Aug 13

Should You Quit Your Job & Invest Full Time?

Turnkey real estate investing

Over the years, many aspiring real estate investors have come to me for guidance. They typically have pages of questions, which I  patiently answer.   Here is a real estate investing question I am often asked:

 

Q.  I’m married and have a family of four to feed and house.  I hate my job (or my job is okay, but leading nowhere).   I am so excited about real estate that I want to do deals full-time. When should I leave my job?

A.  I wouldn’t turn in my two weeks’ notice just yet.  Your job provides many benefits:

  • Predictable steady income
  • Employee benefits:  including health insurance and paid time off
  • Contact with other human beings
  • Good performance on the job, which enhances one’s sense of self-esteem.

Real estate offers some terrific benefits:  income, wealth accumulation, total control of your time, enhanced self-esteem, potentially making the world a better place, and it’s lots of fun. Each of us has to make our own decision based on our specific life situation and on our self-knowledge.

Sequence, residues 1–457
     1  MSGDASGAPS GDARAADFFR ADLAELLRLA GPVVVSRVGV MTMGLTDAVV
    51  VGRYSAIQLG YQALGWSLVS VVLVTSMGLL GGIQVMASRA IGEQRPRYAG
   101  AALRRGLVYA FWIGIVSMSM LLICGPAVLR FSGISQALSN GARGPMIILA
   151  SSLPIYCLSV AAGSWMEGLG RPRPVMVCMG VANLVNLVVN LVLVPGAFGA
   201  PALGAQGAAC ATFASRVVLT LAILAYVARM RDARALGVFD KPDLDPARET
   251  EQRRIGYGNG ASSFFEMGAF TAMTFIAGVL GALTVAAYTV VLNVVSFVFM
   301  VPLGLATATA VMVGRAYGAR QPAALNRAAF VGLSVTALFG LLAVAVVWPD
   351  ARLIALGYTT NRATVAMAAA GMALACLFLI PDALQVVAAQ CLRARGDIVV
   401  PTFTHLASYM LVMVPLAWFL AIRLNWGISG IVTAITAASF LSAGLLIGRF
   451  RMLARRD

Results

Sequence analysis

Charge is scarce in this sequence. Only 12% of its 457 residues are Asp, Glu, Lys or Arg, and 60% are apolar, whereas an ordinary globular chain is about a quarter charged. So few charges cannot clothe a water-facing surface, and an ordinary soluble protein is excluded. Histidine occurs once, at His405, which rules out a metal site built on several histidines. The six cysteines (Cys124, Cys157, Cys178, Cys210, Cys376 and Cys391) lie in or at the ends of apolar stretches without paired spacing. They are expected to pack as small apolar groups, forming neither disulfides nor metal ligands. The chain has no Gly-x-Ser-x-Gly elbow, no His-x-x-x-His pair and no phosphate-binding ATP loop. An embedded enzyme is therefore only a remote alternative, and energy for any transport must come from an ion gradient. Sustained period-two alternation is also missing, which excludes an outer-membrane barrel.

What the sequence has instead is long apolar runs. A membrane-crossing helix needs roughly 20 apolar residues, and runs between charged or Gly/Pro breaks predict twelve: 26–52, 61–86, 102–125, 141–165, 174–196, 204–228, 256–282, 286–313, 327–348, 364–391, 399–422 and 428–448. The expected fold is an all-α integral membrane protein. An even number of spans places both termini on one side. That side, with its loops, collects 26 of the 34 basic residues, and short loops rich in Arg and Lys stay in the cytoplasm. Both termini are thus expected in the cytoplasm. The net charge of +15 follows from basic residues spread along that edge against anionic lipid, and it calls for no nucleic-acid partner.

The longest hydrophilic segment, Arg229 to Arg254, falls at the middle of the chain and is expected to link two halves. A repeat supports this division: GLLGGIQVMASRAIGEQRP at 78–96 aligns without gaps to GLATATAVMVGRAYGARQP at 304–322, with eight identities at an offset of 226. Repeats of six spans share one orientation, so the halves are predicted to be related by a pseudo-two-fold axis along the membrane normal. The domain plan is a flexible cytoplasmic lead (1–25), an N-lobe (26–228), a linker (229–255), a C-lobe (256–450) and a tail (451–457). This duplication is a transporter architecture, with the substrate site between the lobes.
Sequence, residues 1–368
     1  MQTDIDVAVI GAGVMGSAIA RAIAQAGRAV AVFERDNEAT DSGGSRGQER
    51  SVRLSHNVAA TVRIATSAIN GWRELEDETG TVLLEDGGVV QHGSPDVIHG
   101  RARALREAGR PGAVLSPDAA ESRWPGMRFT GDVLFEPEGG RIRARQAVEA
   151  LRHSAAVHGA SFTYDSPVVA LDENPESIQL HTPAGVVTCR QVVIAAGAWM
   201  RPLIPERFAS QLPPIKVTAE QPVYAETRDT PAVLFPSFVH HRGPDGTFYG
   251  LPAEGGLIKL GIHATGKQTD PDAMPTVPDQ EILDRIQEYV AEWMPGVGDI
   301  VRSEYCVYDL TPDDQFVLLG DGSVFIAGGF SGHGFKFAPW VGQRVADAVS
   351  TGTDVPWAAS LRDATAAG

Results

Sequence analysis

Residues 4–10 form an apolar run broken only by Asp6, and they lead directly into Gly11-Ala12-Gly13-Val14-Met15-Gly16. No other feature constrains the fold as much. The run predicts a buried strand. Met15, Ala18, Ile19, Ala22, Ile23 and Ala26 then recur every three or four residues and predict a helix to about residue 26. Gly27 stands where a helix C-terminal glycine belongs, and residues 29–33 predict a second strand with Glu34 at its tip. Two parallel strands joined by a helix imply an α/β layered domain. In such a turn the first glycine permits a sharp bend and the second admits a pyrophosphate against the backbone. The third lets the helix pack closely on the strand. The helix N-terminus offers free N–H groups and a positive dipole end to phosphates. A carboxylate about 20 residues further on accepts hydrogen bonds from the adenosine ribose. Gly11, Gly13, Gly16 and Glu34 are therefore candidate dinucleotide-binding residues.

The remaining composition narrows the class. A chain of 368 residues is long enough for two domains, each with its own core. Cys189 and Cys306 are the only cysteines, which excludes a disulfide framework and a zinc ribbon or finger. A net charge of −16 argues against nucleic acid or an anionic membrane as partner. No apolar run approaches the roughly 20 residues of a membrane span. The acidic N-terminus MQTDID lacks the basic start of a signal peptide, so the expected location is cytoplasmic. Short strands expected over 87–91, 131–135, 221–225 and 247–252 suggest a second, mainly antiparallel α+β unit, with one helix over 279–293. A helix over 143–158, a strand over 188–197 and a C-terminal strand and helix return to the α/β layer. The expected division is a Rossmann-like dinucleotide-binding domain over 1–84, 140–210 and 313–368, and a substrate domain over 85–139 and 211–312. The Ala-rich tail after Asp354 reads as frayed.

When To Quit Your Job & Invest Full Time

I would not leave a job except  under the following conditions:

** Your real estate income after taxes is equal to the job income after taxes (be sure to include the cost of health insurance).

**Your real estate income after taxes isn’t as much as you made from the job, but is enough to meet your living expenses.

**Your spouse works and willingly agrees to allow you to seek a real estate fortune, foregoing your paycheck.  The working spouse in this situation might set a time frame for you to produce results.  If this is the case, put your heart into your efforts.  In my own experience, my hard-working wife was far from delighted when I reported to her the details of my work day.  She didn’t really like to hear how much I enjoyed my one-hour nap or my hour of thinking about the purpose of life when she’d had a tough day at the office.  As an option, you might leave your job while your spouse works full-time, but bring in some income through part-time employment.

** You strongly believe and are totally confident that you could earn more money making real estate deals in a year than you could from your job.  Ideally, you have enough money socked away that you could meet your living expenses for a long time. Incidentally, I view a job as an income-producing asset.  If you earn $40,000 per year and anticipate you could earn a 10% rate of return,  an asset worth $400,000 producing $40,000 a year of income produces as much as your job.  I’d rather have a real estate investment than a job. You could be in the unfortunate position of being unemployed and longing to do real estate, but a job provides you with predictable cash flow.  If you are uncertain which direction to go,  find a job for the time being and work toward eventually having enough real estate income to leave the job.